The origin of the word comes from the Old French term paneterie, which roots from the word pain – the French word for bread.
During the Middle Ages, households used a dedicated room to store bread. The pantler was the designated, hired individual or family member responsible for all the goods (bread) being stored. (Fair warning, I am a self-confessed bread enthusiast and should not be entrusted with this task!)
The pantry was often located on the north side of the house, where cooler temps supported freshness away from the summer heat. Often designed with a window and plenty of load-bearing shelving, food storage was an integral design element of the early pantry. Proper air circulation and extending the shelf life of the family’s eggs, butter, pastries, bread, and home, canned goods was vital.
When the term Butler’s Pantry was introduced, it was typically outfitted with a locking door as this was where the household silver, china and linens were stored. Some even included a bed and desk area, as the Butler worked and slept there.
The invention of the Hoosier Cabinet in the late 1800’s condensed the storage of a separate room to a single piece of furniture. Marketed to “save steps”, this offered the “lady of the house” a closer, more convenient location within mere steps from the sink and oven.
The 1950’s brought about better refrigeration and the introduction of the breakfast nook. The desire for a bigger kitchen with less open shelving for storage gained in popularity, and the pantry began to fade.
Today the pantry is back and continues to evolve! This little room with a big heart is now getting attention equal to its soul sister, the kitchen. Pretty details, effective storage, and workstation space are in vogue. Pantries are wide and varied in their design and function.
The walk-in pantry offers today's creative designer a playground of inspiration and flexibility. Homeowners today are seeking an uncluttered kitchen. A second fridge and sink can be helpful during pantry meal prep - especially when guests linger in the kitchen. The microwave, coffee maker, toaster, blender, and mixers often now call the pantry home.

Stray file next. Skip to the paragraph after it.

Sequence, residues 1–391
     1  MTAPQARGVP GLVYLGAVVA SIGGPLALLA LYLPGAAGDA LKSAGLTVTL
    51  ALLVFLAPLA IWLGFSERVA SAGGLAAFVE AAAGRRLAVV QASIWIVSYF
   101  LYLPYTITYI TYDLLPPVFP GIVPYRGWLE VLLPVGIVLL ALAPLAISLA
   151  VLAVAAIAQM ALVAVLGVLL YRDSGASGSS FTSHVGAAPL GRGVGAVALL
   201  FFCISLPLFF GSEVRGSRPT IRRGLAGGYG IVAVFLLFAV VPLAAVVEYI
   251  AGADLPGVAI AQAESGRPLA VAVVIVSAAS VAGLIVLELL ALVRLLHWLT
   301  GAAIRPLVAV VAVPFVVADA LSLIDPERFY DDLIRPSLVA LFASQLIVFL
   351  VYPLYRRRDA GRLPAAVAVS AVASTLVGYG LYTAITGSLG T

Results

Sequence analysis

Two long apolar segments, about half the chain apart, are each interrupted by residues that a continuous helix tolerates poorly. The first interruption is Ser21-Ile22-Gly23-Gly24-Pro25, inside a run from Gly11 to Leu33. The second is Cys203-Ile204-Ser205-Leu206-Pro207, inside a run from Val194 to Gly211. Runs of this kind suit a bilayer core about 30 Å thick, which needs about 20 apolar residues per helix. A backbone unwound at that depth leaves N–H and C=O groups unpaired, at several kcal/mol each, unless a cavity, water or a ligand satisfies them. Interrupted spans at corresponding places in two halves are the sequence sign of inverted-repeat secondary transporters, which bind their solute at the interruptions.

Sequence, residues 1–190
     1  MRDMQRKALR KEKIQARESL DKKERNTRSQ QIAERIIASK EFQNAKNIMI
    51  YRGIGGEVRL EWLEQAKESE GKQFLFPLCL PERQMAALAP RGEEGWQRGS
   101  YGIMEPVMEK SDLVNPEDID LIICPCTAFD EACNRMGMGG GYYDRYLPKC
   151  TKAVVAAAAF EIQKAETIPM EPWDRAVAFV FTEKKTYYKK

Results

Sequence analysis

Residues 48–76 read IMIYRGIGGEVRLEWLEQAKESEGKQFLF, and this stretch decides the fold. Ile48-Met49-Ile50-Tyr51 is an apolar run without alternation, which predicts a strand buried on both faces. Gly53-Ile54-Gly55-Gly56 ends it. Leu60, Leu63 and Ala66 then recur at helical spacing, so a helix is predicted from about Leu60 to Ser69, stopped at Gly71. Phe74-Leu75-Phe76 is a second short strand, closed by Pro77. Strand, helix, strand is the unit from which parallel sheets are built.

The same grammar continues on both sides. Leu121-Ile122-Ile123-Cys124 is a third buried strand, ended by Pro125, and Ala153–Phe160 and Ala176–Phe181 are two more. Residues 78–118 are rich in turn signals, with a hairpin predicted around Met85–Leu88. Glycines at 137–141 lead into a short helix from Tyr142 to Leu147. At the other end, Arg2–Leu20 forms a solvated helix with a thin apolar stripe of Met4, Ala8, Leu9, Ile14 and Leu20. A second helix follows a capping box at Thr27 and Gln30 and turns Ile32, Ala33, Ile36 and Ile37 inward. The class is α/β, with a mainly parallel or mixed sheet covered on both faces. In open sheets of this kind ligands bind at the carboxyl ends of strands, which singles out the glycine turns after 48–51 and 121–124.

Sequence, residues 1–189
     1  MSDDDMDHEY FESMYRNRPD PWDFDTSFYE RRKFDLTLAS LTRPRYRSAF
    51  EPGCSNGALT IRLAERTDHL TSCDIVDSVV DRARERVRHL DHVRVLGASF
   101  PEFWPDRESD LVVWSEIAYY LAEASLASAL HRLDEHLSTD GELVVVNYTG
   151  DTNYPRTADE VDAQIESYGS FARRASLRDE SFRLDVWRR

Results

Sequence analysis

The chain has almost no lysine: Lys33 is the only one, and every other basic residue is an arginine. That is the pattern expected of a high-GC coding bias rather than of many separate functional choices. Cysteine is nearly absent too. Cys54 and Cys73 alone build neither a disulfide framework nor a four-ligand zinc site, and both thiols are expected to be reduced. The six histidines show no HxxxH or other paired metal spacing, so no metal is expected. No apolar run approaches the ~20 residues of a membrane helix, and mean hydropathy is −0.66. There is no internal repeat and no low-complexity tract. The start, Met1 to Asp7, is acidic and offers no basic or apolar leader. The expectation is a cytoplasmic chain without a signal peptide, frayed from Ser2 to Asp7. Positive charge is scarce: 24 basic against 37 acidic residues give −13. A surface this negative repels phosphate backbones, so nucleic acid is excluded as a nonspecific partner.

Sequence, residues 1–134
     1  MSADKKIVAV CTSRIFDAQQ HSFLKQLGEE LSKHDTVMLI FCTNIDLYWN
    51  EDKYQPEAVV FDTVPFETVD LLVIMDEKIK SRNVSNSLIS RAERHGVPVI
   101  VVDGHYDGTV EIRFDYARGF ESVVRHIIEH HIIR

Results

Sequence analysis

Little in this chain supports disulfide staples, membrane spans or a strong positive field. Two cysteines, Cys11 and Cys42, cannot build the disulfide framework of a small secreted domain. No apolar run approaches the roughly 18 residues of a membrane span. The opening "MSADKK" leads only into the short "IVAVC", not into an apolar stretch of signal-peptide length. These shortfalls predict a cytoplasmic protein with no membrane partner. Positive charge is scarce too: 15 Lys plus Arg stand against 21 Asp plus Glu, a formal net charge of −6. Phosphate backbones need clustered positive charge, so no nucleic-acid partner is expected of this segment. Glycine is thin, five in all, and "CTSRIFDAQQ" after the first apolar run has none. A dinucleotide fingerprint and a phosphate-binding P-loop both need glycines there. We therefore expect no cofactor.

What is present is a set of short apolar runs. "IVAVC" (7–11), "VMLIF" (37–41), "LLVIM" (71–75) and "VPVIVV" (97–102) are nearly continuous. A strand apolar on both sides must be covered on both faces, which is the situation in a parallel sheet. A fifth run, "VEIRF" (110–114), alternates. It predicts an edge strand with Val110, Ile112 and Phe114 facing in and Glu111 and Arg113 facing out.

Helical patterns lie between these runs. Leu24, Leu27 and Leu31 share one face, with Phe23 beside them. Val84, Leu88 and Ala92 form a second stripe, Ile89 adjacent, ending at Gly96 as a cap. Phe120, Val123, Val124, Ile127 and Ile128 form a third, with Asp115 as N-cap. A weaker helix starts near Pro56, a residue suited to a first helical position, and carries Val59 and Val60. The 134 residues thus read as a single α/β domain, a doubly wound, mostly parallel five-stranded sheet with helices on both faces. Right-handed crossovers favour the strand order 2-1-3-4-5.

Pantry doors can be a fun accessory. They vary greatly and can give a dramatic shot in the arm to the overall kitchen design. A glass door will provide a muted feel; a refurbished, vintage screen door lends itself to the popular farmhouse vibe and promotes good air flow. If the homeowner wishes for the pantry to be unseen, space-saving hidden doors and pocket doors allow the “prep mess” to be concealed.
Understandably, not every house offers the space to include a walk-in pantry. In those cases, deciding where items will be stored during the consultation phase allows your designer to help you select the perfect pantry cabinet. These can include pullout trays, spice racks, room for tall oil bottles, and extra room for heirloom cookbooks and those little-used seasonal items living in some "high altitude” cabinets.
Whether you have pantry cabinets or a walk-in pantry, having a well-organized space is both functional and inspiring. Isn’t it more fun to cook when all of your ingredients are beautifully displayed in front of you? A well-organized pantry and kitchen make it easier to both cook and entertain!
No crouching down to reach in the back of a base cabinet for dry goods. Having baskets for things like baking goods and snacks that kids can grab keeps things efficient, and offers a sense of independence for the little ones.
- Top/featured kitchen image: Mouser cabinets – Amity inset door in Rock Garden color. Designed by Julie Kersjes at Starlite Kitchens
- Middle kitchen: Pioneer shaker cabinets shown. Perimeter in Polar; island in Bracing Blue. Designed by Ruth Westra at Starlite Kitchens for Ledger Builders
- Bottom kitchen: Pioneer Shaker cabinets in maple, painted gray. Remodel by Jenny Seabert, Paula Allison, and Jeremy Post at Starlite Kitchens
- Pantry close-up at bottom: Pantry organization inspiration on display at our Birmingham Design Center, courtesy of Neat Method Detroit
L.K. Felder is a writer and the Director of First Impressions at Starlite Kitchens in Byron Center, MI.